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Thursday, December 29, 2011

Rotten Sound-Cursed

It only took me one listen to realize Rotten Sound hadn't made any headway since their disappointing Cycles. Calling it a slide might be a bit too much, rather than a fall like 90's Napalm Death, the band has simply repeated themselves and added only tweaks and bugs to their execution with recent releases. That stomach churning guitar tone that was responsible for clearing whole forests back in 2005 with Exit has been diminished to a digital liquid soup with lack of character. The grime that covered every inch in Exit (including the hostile artwork) has been blunted into a fatter, boring-er sound. The vocals have lost whatever punch they had and are some of the most repetitive and uninteresting around (this would be a title fight between Deafeatist in the land of the inane). Songs lack character and definition, possibly a symptom of using such a muddied guitar tone; but somehow all those Swedes back when made it work.

To make things worse, the band finds time to do their best Entombed imitation with "Choose" and it's immediate successor "Hollow." It's beyond me why this band's wasting time with slow sections because they're the same stock riffage the band has come to use (as well as any generic death metal band) in their trip into mediocrity. The song writing's so boring, if you were to play them "Slave" from Exit they'd view it as some superior entity above themselves.

A name that used to mean something, Rotten Sound's content to repeat themselves as long as you're content to listen.

Monday, December 26, 2011

Sweating the Small Stuff: Favorite not-full Lengths of 2011

Here's a handful of stuff that caught my ear this year. Look forward to a list of full lengths (I'm taking my time to backtrack as well as explore anything I might have missed). Share your thoughts, and please point out what I might've missed ( I always need new music). I've listed my 9 favorite not-full lengths of the year because 9 is the most metal number besides 11. Everything's gone topsy turvy since I found out Teitanblood has an ep that's just come out and near impossible to get a hold of. This list reflects that.

9.Suffering Mind/Neon HoleSplit 
Our favorite Polish grinders offer up nearly 4 minutes of the most consistent grind around. Neon Hole's not breaking new crust, but the death metaly grind chaos of their side is just enough to keep up with Suffering Kielbasa.
8.Pilgrim - Forsaken Man 
Old is new again, as Pilgrim fly under the radar of bands trying to recapture earlier magic of stale genres. Forsaken Man is a well executed and riff barrel of doomy goodness.
7.Short Walk -  Don't Be One 
A reminder to the scene that power violence started from punk music, Short Walk are off the wall with this light-hearted thrashfest of a release.
6.Mutilation Rites - Demo (2011) 
Thrashy chops, memorable compositions and great production show this NYC group's ready for the big leagues. Look for them at the forefront of the usbm scene soon.
5.Ash Borer/Fell Voices - Split 12"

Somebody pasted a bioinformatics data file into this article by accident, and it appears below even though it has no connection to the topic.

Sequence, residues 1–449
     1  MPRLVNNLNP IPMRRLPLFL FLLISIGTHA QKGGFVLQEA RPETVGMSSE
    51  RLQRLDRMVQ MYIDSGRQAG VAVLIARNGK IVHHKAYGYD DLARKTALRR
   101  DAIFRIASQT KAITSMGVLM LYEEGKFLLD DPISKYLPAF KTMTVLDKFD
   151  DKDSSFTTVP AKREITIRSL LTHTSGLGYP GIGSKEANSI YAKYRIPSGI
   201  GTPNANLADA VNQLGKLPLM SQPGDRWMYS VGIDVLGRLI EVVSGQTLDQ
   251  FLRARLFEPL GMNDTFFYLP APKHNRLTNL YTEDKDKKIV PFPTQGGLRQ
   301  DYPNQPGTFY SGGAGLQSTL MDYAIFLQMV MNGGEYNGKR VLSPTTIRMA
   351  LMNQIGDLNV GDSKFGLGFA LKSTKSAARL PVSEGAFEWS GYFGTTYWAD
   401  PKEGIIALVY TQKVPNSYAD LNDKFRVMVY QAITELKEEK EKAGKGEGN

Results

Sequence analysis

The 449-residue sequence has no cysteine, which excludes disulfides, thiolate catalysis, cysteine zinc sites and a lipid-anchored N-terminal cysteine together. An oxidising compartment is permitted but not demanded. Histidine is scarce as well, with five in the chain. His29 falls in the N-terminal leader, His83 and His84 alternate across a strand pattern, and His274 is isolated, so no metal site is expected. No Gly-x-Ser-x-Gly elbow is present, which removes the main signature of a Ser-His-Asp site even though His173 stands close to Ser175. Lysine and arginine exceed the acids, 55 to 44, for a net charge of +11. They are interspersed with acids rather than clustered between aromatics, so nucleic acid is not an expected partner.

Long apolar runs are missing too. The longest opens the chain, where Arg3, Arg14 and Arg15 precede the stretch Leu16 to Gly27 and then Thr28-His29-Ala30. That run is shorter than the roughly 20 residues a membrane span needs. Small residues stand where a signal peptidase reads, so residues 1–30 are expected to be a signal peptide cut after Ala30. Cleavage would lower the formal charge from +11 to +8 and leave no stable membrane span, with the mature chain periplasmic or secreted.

What else is there to say besides there are two of the best black metal bands around? Long, winding, and organic spindles of thread and sewn between the two of these West Coast deities.

4.Vastum - Carnal Law
 Vastum's demo/debut showcases a picture perfect reflection of early death metal channeled into one entity. Riffs reminiscent of Dismember, rhythm and attack familiar to Cianide, and an overall gloom that brings to mind Incantation. Far more than worship, Vastum's ritual form of blasphemy belongs at the top of what passes for death metal these days.







3.Protestant - Stalemate
Protestant's proper check in to 2011 has been yet another solid slab of metallic hardcore that's way more fulfilling than you'd expect an EP to be. Dynamic takes like the opener "Nothing Left" have as much to mosh to as there is to pump your fist and sing along to. A mature and well rounded release from a band that's melded the angst and violence of hardcore with the melodies and intricacies of metal.






2.Ruin Lust - Demo
Ruin Lust's Cyclopean sound burns not only in it's visceral songwriting, but also in the pure animosity within each member's respective instrument. Not since Teitanblood's Seven Chalices has a band sounded so powerfully dark and violent with drums like turbulent storms and vocals that coincide with animalistic slaughter. A step above your average Blasphemy worship, Ruin Lust's laconic demo drowns out the light and thunders in the darkness.





1.Massive Attack Vs. Burial - Four Walls/Paradise Circus
My favorite non full length of the year belongs enigmatic U.K. electronic artist Burial and his rendition of two Massive Attack tracks. This is somewhat new ground for me, so I can't comment about previous efforts, but Burial's treatment of the two tracks is otherworldly and mesmerizing. The slow, hypnotic beat finds it's way through both tracks as a lone familiar singer sings admist the serene passages of varying noises and glimmers. Simply beautiful and darkly touching, this is one of my favorite releases this year period.



0. Teitanblood - Purging Tongues

I don't even know if this is out here in the States, if I'll even be able to buy it, or whatever; but I'm going to do something completely illogical and say this is the best of the year even though I have only this to go on...

"'Purging Tongues' is the revelation of blood-stained truth from behind the wall of life. Death Metal told in blind voices, guided by mute vision from the bottomless pit."

Saturday, December 24, 2011